In 2008, Melbourne joined the UNESCO Creative Cities Network when it was designated the first and only City of Literature in Australia, and the second in the world after Edinburgh.

The network of Cities of Literature has grown considerably since then and one of the wonderful initiatives between these cities is to arrange virtual residencies for writers. This is the first year the RHSV has taken part and we are thrilled to host Bria Cotton, from Manchester UK, throughout November. Bria will work, at a distance, on aspects of our collection and she will host 2 free Zoom workshops as well as submitting a piece of writing based on her interaction with the RHSV.

A little more about Bria …

Bria is a fledgling worker in the museum sector in Manchester, England. The chimera accent you hear is the result of her being raised in Australia, the US (California, to be exact) and Singapore before moving to the UK with her Northern Irish and English family. She’s been in the UK for over 10 years and still hasn’t lost the accent, at this point it is probably out of spite.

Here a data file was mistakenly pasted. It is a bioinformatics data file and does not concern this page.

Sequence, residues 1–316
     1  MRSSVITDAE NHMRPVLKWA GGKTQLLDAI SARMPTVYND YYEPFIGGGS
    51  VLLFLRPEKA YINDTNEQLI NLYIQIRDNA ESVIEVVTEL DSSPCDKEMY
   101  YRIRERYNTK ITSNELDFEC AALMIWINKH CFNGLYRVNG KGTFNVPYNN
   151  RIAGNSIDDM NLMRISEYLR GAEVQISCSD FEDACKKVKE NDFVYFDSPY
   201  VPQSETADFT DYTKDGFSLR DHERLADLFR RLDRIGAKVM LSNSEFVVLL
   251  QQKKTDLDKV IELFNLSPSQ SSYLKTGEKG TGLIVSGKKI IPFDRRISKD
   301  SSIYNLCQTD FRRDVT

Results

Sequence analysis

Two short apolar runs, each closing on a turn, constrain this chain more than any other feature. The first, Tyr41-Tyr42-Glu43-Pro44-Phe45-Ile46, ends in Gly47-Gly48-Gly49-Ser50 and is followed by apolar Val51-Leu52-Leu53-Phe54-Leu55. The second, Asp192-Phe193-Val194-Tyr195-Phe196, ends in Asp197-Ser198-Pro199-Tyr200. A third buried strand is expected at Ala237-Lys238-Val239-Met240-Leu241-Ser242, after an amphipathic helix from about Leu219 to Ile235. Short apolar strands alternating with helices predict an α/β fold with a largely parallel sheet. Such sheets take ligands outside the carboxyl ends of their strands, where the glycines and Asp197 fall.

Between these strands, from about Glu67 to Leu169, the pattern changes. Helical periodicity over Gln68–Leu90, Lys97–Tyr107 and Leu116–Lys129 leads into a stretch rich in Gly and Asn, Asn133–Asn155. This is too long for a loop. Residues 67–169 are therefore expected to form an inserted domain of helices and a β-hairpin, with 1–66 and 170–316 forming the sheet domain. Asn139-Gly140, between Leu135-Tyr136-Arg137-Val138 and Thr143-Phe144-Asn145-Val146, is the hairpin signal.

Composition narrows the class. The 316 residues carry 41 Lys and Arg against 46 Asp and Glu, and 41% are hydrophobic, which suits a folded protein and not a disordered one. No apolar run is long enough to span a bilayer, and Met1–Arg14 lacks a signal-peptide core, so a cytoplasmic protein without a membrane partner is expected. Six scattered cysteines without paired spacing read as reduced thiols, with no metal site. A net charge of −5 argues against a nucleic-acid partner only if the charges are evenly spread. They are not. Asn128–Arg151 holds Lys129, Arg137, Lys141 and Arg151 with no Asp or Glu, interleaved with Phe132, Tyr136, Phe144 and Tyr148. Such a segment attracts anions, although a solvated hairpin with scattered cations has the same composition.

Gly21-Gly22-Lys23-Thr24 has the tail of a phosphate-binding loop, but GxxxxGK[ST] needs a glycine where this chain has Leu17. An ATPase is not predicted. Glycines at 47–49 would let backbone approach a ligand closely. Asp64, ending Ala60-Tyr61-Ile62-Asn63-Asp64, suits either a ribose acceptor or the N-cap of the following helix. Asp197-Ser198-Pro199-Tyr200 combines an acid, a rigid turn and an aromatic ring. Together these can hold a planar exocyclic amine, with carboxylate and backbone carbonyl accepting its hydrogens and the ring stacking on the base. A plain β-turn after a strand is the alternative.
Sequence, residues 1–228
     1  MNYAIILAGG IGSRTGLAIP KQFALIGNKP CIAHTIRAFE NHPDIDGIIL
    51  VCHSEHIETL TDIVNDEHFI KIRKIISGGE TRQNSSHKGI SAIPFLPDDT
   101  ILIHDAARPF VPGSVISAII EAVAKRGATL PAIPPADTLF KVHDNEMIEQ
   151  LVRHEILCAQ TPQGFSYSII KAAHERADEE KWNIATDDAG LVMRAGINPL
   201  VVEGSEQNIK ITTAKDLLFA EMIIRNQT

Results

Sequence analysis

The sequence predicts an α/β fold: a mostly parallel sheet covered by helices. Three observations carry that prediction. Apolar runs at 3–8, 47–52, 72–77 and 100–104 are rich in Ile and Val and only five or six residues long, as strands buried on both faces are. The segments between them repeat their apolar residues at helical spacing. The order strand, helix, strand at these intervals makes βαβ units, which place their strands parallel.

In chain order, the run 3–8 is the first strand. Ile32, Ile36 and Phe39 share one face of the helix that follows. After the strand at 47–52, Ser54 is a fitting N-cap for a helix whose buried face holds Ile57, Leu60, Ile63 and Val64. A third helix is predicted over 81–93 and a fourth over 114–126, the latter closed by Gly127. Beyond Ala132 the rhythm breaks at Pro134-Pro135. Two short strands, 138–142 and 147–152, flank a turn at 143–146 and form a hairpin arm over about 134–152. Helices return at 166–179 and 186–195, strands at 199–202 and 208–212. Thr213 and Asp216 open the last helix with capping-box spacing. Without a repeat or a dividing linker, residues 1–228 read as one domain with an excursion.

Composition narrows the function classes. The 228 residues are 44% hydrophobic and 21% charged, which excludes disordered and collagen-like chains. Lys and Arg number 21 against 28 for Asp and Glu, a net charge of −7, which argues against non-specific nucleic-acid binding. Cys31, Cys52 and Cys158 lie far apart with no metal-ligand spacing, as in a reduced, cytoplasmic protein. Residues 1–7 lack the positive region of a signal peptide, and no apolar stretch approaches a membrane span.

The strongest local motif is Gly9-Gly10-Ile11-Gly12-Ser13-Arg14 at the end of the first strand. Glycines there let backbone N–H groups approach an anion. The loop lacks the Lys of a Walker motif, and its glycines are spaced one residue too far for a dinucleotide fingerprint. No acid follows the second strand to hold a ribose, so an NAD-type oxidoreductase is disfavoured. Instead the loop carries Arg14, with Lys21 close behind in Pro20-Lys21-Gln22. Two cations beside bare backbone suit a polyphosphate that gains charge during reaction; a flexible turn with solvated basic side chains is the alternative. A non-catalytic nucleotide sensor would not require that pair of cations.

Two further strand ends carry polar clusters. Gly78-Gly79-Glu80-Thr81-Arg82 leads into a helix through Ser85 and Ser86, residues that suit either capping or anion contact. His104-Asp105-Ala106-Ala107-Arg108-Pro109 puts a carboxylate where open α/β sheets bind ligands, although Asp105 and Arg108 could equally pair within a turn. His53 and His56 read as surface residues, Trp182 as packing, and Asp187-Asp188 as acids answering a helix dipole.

Her main interests revolve around cultural memory, 19th century international histories, and fantasy of the paranormal persuasion. One day she will write about a topic that melds all three together.

When she is not running around Manchester’s cultural institutions, she is producing theatre and facilitating history workshops. Somehow, she still finds time to relax by either reading, fooling around with her friends, or trying out a new restaurant on the scene.

Writing for her is a way to make sense of the nonsense, or to make nonsense of the sense, so she is always hopping between creative writing and non-fiction in her spare time.

And a little more about Melbourne as a UNESCO City of Literature …

Melbourne’s designation as a UNESCO City of Literature is acknowledgment of the breadth, depth and vibrancy of the city’s literary culture. Melbourne supports a diverse range of writers, a prosperous publishing industry, a successful culture of independent bookselling, a wide variety of literary organisations and a healthy culture of reading and engagement in events and festivals.

The designation was made in recognition of the following factors, amongst others:

  • The quality, quantity and diversity of publishing and editorial initiatives in Melbourne;
  • The quality and quantity of educational programmes in Melbourne;
  • Melbourne’s urban environment in which literature is integral;
  • Melbourne’s experience at hosting literary events and festivals, and promoting foreign and domestic texts;
  • Melbourne’s libraries, bookstores and cultural centres; and
  • The use of new media in Melbourne to promote and strengthen the literary market.